How to Reuse Old Things to Create New Decorations for Your Home

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Recycling is more than just a way to keep unwanted items from saturating community landfills. It's also an opportunity to create tasteful, unique decorations for the home. Many objects can be used just the way they are, with a little cleaning. Others may need to be refurbished or repainted to look acceptable. The only limit is the imagination and the willingness to look beyond the ordinary and see that "old" doesn't mean bad.

  • Substitute one thing that looks like another. For instance, turn decorative fan blades from an old, unwanted overhead fan into shelves for small, lightweight items. Face the top and bottom blade/shelf so that the wide end is to the left, and the middle blade/shelf so the side end is to the right for a dramatic visual.

  • Group otherwise dissimilar objects together around a common function. For example, gather a collection of flower vases made from an old pot, drinking glass, coffeepot, cookie jar, wine bottle, ice bucket and watering can.

  • Hang objects on the wall to create patterns. Faces are created with round objects such as old plates, saucers and even hubcaps as eyes, hair from carpet or other material, teeth from broken pottery and ears from bent wire. A collection of faces, each different in aspect and size, is an eye-catcher and you'll soon have people donating objects to you to create a face in their honor.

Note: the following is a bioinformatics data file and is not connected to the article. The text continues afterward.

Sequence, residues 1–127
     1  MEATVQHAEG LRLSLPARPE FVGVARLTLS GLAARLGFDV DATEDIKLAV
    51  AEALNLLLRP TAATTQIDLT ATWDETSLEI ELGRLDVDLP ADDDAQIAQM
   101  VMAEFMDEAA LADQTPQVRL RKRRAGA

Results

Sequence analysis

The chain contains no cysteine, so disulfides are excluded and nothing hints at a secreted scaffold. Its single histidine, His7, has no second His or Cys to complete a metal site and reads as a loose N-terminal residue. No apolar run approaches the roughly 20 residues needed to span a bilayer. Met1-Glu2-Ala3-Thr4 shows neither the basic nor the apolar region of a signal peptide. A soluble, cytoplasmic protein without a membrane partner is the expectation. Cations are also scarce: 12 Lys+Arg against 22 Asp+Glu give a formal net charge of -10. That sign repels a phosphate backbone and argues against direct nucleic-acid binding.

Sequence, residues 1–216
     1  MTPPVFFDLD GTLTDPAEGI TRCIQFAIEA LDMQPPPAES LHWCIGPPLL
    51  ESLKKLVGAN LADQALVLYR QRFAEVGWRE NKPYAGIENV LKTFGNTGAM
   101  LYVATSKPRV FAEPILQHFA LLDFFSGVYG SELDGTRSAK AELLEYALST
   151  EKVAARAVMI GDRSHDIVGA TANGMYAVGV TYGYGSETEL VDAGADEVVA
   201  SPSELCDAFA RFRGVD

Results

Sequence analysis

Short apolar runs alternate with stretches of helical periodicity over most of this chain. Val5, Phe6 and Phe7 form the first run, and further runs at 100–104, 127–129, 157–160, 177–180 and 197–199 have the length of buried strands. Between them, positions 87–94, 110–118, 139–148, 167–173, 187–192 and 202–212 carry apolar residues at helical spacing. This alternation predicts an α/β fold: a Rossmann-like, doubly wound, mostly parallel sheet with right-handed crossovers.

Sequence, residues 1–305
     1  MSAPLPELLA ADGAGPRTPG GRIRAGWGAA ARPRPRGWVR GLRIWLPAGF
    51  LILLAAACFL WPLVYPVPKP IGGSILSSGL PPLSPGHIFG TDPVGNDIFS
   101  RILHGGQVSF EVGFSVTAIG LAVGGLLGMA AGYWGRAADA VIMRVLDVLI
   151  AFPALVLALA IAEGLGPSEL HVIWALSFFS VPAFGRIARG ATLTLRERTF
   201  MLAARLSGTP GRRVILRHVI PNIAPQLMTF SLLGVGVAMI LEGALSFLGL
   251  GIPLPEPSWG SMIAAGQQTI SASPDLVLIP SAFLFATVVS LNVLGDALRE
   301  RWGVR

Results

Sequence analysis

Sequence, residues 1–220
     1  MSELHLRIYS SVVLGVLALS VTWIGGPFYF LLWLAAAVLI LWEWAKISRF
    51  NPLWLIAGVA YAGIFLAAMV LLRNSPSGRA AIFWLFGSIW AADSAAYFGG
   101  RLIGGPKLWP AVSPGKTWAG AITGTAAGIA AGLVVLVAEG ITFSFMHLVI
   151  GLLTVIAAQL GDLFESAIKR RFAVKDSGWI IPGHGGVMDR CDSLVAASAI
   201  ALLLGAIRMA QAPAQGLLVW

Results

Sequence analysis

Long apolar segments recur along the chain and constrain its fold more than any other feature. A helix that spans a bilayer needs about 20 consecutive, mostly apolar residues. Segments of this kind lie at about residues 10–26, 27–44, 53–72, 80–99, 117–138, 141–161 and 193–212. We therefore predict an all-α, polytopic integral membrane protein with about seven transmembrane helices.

• Trick the visitor's eye with a faux bookshelf that is two-dimensional instead of three by only using the spines of second-hand and discarded books. Use 1-inch wide strips of wood-grained contact paper to outline a bookcase on a wall, complete with shelves. Carefully take the spines off from the books and glue them to the wall on the shelves.

  • Turn old CD cases into "living history" picture frames. Glue or otherwise attach the case to a wall with the side that held the CD against the wall, so that the front side swings to either the right or left. Slide a picture of a member of the family, an important place or any other event into the front side so that when the CD is closed a visitor sees the picture. Write a story about the picture, print it on a 4-by-4.25-inch stiff piece of paper and attach it to the inside of the case where the CD previously was held. When a person opens the case he can read about the significance of the picture. A whole wall of CD cases can tell a family history.

References

  • Photo Credit Hemera Technologies/PhotoObjects.net/Getty Images
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